COVID-19 and American health choices
By D. Dowd Muska
COVID-19 is real, and it is vicious. It has killed tens of thousands of Americans. More will follow.
But the disease isn’t acting alone. It has some unlikely co-conspirators. Millions, in fact.
Dig into the grim statistics documenting deaths linked to the novel coronavirus and you’ll quickly grasp the significant contribution made by comorbidity. No data illustrate the problem better than those compiled in the New York City hot zone. As of this writing, 73.6 percent of the Big Apple’s COVID-19 victims have been senior citizens. But 79.1 percent of those killed of any age suffered from underlying conditions, such as diabetes, cancer, hypertension and obesity. Pre-existing health woes afflicted 79.2 percent of victims between 18 and 24, but 84.7 percent of those killed between 25 and 64.
Two decades into the 21st century, the United States was “ripe,” so to speak, for quite a lot of coronavirus carnage. Because in spite of the incessant scolding of politicians, bureaucrats and activist organizations, we’re a nation simply unwilling to look after our health.
In 2005, Michigan State’s Mathew J. Reeves documented Americans’ unbridled self-destructiveness. The epidemiologist looked at our countrymen’s commitment to four health habits: regular exercise, eschewing cigarettes, consuming fruits and vegetables daily, and maintaining a respectable body mass index.
The share of the population that practiced all four behaviors? Three percent.
Reeves called his findings “pretty remarkable,” noting that eating right, moving muscles, and avoiding coffin nails is “really just a basic lifestyle pattern. We aren’t asking anyone to climb Mount Everest here.”
A decade and a half later, not much has changed. The smoking rate has dropped. But obesity has gotten worse. According to a 2017 analysis by the Centers for Disease Control and Prevention, “Very few Americans eat the recommended amount of fruits and vegetables every day, putting them at risk for chronic diseases like diabetes and heart disease.” And exercise remains anathema to a huge share of the populace.
The refusal to embrace clean living has an incontrovertible effect. In 2013, the National Research Council and Institute of Medicine cobbled together the scary consequences of rejecting Reeves’ “basic lifestyle pattern.” The 405-page study “U.S. Health in International Perspective: Shorter Lives, Poorer Health” found that though “life expectancy and survival rates” in the United States “have improved dramatically over the past century, Americans live shorter lives and experience more injuries and illnesses than people in other high-income countries.”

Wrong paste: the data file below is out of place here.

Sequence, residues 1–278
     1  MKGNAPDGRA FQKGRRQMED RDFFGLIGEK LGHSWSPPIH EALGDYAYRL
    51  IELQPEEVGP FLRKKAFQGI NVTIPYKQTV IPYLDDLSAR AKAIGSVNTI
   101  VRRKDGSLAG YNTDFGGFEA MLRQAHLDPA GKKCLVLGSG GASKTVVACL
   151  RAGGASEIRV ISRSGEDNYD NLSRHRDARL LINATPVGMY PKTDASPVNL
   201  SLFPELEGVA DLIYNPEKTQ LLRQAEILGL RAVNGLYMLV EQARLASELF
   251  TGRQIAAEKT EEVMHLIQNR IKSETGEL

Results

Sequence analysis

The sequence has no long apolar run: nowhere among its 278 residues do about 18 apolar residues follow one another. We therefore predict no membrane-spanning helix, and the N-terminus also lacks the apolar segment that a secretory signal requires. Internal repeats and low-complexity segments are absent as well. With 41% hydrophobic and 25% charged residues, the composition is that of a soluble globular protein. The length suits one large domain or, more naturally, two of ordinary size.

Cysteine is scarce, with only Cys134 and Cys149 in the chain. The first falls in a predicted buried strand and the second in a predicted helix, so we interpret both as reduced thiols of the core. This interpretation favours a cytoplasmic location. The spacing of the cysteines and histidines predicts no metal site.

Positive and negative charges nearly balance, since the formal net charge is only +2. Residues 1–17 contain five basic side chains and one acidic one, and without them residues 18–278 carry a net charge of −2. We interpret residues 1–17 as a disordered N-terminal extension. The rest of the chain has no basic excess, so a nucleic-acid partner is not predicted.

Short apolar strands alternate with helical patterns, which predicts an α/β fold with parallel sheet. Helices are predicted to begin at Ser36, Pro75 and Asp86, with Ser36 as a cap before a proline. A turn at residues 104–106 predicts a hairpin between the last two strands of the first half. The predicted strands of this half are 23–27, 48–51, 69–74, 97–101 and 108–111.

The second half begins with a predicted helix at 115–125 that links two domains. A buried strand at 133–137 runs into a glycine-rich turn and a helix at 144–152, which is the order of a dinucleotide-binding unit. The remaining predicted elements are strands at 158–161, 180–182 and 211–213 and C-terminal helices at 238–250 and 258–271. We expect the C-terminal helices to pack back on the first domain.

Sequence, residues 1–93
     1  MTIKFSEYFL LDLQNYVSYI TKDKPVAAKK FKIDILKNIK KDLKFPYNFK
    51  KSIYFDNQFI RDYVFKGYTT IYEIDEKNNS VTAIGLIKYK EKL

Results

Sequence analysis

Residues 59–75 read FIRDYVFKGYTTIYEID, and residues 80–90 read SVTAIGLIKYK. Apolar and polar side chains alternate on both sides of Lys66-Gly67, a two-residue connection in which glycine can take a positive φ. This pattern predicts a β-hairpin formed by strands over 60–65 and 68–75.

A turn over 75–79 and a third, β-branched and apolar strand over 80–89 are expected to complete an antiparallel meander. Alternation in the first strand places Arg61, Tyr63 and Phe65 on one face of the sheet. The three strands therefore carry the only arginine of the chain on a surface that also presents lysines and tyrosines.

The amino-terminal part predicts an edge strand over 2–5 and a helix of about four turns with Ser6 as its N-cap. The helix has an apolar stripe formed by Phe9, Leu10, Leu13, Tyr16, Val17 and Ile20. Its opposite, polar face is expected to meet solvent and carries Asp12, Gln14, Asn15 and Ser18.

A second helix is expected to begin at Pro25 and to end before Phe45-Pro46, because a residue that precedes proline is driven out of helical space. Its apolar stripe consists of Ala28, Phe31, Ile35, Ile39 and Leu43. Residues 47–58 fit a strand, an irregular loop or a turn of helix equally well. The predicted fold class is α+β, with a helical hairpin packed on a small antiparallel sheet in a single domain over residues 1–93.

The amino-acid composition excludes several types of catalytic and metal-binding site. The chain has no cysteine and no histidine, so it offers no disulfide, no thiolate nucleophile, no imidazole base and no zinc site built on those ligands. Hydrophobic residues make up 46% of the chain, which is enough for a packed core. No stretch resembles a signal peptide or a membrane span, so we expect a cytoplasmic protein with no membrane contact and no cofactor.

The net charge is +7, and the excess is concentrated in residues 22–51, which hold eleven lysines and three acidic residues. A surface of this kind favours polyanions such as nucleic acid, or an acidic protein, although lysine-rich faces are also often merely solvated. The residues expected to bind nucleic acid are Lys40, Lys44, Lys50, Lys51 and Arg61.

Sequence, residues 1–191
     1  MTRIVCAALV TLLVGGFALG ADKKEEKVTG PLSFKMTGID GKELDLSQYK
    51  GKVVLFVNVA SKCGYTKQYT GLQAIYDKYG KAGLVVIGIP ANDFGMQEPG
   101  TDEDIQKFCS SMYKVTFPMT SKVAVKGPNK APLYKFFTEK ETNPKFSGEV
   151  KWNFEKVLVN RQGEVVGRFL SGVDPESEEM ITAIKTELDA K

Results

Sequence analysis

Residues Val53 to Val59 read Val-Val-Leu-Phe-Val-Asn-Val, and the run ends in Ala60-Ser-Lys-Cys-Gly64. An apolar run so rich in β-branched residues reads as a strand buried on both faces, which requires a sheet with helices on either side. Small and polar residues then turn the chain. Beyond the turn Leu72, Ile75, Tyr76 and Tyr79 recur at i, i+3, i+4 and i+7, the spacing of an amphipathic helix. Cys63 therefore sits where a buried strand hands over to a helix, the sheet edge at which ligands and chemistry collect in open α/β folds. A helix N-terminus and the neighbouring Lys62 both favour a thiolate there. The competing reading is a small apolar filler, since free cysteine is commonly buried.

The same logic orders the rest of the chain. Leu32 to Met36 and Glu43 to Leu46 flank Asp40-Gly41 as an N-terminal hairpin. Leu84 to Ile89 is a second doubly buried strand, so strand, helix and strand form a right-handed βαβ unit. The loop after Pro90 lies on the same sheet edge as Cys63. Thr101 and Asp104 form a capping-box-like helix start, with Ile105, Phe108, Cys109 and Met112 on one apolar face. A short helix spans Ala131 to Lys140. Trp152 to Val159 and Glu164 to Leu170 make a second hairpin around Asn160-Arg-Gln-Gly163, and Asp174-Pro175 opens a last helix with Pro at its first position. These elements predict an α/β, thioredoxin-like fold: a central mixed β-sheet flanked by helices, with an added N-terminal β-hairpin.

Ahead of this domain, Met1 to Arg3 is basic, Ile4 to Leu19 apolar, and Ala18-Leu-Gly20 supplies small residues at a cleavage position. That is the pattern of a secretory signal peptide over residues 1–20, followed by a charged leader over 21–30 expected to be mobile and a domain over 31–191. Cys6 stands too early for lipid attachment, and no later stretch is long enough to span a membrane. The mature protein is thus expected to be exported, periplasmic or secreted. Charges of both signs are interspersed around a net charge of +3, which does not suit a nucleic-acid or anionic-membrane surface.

When judged against the average of 16 peers, a list that included Germany, Australia, Japan, Norway and Canada, the United States fared worse in “nine health domains,” including heart disease, substance abuse and “adverse birth outcomes.”
On top of exposing a soft underbelly to COVID-19, Americans’ unhealthiness is astronomically expensive. If you are unaware of the historical numbers, it’s best to sit down. Here is U.S. spending on health care consumption, per capita, adjusted to 2018 dollars:
The 2018 bill: $10,638. So during those nearly six decades, spending rose by a factor of 9.4.
Inevitable, due to an aging population? Enhanced longevity doubtless contributed, but consider what was learned about health-promoting behaviors during the period — e.g., the sine qua non of social interaction, the value of exercise, the need for adequate sleep, the benefits of pet ownership, the advantages of prayer/meditation, the boost from a “bath” in nature. In addition, the federal government’s catastrophically wrong dietary guidelines (fat bad, carbs good) were thoroughly debunked.
Yet while knowledge grew about how to calm the mind, strengthen the immune system, reduce pain/inflammation and improve energy, health habits became increasingly injurious. Entirely by choice. Phillip Longman is one of the few researchers who understands that the reason we don’t “live any longer than Costa Ricans” is “differences in behavior.”
Americans, the demographer wrote, “exercise less, eat more, drive more, smoke more and lead more socially isolated lives. Even at its best, modern medicine can do little to promote productive aging, because by the time most people come in contact with it their bodies are already compromised.”
As policy experts Kenneth Thorpe and Jonathan Lever explained: “Largely preventable and highly manageable chronic diseases account for 75 cents of every dollar we spend on health care in the United States.”
Cruelly opportunistic, SARS-CoV-2 is targeting the substantial number of Americans who couldn’t be bothered with a nutrient-dense diet, spent far too many hours on the couch, and stuck with their smokes. When this pandemic is over, it will be time for an overdue discussion of health care and personal responsibility.